Wells Fargo said its mortgage business slumped but first-quarter profit rose 9 percent from the year-ago period, topping $2 billion for the first time in any quarter, as deposits rose and loan loss provisions fell.
In its earnings report for the first quarter of 2006, the San Francisco-based bank said net income jumped to $2.02 billion, or $1.19 a share, from $1.86 billion, or $1.08 a share.
Wells Fargo, one of the nation’s largest mortgage lenders, felt the impact of the slowdown in the housing market in the quarter. The bank said home mortgage revenue declined 43 percent, from $1.5 billion in the first quarter of 2005 to $853 million in the first quarter of this year.
Mortgage applications have been declining recently as interest rates move up and signs point to cooling in the U.S. housing market.
The company’s stock was trading at $64.35 a share at 11:30 a.m. Eastern time today, down 11 cents a share or 17 percent.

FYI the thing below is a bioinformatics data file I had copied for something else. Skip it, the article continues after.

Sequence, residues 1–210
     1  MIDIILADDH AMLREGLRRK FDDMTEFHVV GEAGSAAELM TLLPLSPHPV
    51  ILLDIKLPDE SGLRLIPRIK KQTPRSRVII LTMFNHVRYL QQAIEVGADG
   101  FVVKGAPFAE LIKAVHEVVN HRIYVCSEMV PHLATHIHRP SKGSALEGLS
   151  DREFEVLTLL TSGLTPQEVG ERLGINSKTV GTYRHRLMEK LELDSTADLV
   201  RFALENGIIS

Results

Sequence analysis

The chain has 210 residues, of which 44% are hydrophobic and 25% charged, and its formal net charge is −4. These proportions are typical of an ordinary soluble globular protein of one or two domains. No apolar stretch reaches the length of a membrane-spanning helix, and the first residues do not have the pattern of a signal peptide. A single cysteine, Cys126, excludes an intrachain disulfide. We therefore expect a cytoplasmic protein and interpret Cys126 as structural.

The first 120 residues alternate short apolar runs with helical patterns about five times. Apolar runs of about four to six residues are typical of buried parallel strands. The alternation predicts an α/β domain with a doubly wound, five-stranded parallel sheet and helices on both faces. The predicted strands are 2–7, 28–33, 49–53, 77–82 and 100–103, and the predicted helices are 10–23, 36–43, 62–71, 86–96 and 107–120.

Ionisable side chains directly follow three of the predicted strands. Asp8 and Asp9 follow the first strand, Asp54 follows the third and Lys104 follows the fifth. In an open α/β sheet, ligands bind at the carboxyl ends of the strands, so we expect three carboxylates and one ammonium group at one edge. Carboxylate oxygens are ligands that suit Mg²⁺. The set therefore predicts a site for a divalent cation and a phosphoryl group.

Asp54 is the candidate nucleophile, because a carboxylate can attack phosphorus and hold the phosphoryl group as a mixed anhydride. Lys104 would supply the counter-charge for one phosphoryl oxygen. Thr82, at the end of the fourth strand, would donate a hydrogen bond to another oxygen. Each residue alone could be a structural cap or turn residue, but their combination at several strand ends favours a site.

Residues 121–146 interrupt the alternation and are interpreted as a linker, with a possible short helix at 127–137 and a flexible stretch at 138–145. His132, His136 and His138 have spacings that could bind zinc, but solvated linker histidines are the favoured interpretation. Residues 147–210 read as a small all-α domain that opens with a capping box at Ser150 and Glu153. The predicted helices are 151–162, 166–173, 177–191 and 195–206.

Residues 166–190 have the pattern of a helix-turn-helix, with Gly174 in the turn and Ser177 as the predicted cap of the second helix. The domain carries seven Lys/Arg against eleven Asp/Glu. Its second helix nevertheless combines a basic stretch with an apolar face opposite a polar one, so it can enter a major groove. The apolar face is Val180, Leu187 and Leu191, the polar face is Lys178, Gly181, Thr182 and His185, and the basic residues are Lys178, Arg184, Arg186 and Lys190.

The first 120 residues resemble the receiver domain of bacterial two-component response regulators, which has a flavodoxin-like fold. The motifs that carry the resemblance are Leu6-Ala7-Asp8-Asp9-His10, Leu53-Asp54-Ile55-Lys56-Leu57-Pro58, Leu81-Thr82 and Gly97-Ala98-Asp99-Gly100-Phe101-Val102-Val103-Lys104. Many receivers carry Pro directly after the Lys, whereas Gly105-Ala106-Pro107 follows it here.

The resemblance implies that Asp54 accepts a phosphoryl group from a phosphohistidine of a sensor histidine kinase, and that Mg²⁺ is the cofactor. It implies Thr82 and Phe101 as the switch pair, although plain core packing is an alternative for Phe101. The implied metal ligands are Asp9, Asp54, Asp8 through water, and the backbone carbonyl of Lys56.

The bank’s results for the first quarter of this year include a charge of $52 million, or 2 cents a share, for a change in accounting for stock options paid to employees.
Wells said it took a charge of $184 million for a change in valuation of mortgage servicing rights, and it took a $127 million pretax gain from the sale of some Puerto Rico operations.
Wells said its total interest income in the first quarter rose to $7.53 billion from $5.87 billion a year ago, while total interest expense climbed to $2.66 billion from $1.42 billion. As a result, its net interest income rose to $4.87 billion, from $4.45 billion a year earlier.
“First-quarter credit results were strong and continued to show excellent performance across all our loan portfolios,” the bank said in a press release Tuesday.